North Pacific council director a possibility for top fish post

  • North Pacific Fishery Management Council Executive Director Chris Oliver, right, testifies in Washington, D.C., on Sept. 29, 2015, about Obama administration marine monument designations. Oliver is being pushed by wide cross section of Alaska seafood interests for the nation’s top fisheries position at National Marine Fisheries Service. (Screen capture via YouTube)

SEATTLE — It would make sense for an expert on Alaska to oversee the nation’s fisheries, even if he is a Texan.

Chris Oliver, the executive director of the North Pacific Fishery Management Council for the past 16 years, didn’t ask for a consideration as the new assistant administrator for the National Marine Fisheries Service; rather, the most powerful fishing industry voices in the nation’s most profitable region asked.

He doesn’t know if the new administration will offer it or if he’d want it if it did.

Still, looking at his history, knowledge and reputation, he seems in many ways a natural fit.

“There’s no guarantee…that I would say yes if they offered it to me,” he said after the North Pacific council wrapped up its recent meeting Feb. 6 in Seattle. “But I’ve got a lot of people who’ve expended a lot of effort, and my understanding is I’ve got a pretty strong backing from our congressional delegation. I’m inclined to do it because it interests me.”

The National Marine Fisheries Service, or NMFS, accounts for virtually every fish in U.S. waters. A part of the National Oceanic and Atmospheric Administration within the U.S. Department of Commerce, the NMFS assistant administrator is the country’s fish czar.

Oliver said when it became known that the current administrator, Eileen Sobeck, won’t be staying with the new administration, parts of the fishing universe aligned.

Half a hundred letters poured into NOAA offices endorsing Oliver, from seafood companies, industry associations and Alaska Native organizations.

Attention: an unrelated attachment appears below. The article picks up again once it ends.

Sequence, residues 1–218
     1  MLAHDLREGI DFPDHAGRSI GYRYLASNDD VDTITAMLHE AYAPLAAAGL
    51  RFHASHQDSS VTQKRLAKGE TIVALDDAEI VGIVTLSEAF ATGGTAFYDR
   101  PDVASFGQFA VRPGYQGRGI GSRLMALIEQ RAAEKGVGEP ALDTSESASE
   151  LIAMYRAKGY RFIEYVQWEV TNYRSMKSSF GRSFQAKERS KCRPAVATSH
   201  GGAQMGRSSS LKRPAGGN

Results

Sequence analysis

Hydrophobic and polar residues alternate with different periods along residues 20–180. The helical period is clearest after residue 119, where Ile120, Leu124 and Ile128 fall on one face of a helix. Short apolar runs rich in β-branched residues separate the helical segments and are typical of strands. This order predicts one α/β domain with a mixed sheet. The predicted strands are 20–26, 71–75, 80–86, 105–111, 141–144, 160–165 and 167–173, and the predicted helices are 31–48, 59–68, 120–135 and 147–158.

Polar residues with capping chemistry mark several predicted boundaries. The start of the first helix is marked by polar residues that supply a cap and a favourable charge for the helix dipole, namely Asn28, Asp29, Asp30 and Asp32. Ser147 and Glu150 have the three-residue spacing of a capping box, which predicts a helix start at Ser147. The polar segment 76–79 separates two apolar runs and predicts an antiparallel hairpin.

Names like Trident Seafoods, Icicle Seafoods, Alaska Bering Sea Crabbers, Alaska Marine Conservation Council, At Sea Processors Association, Bristol Bay Economic Development Corp., Fishing Vessel Owners Association, Pacific Seafoods Processors Association, United Catcher Boats, and United Fishermen’s Marketing Association have become well known to Oliver over the last 27 years.

In 1990, Oliver turned down a recently acquired fisheries job in his native Texas to work as the Gulf of Alaska plan coordinator for the North Pacific council, putting his degrees in business and in fisheries science from Texas A&M to natural use.

He moved to a deputy director position in 1992 and to his current executive director position in 2001.

In the North Pacific, Oliver entered into a time of changing attitudes, as more and more fisheries moved from open access, or derby style fisheries, to limited access programs, which assign catch shares to individual vessel or cooperatives.

In the North Pacific and elsewhere, catch share systems are a contentious issue; Oliver said in an interview he’s already had fisheries stakeholders from other regions probing for what his intent would be with their respective fisheries.

Oliver’s answer sums up both his attitude and in part that of the new administration.

“It’s not my call,” he said. “What makes sense in the North Pacific…may not make sense in New England, or in the Gulf of Mexico. I would like to see the agency be more decentralized. It goes hand-in-hand with regional flexibility. It’s a constituent, stakeholder driven process.”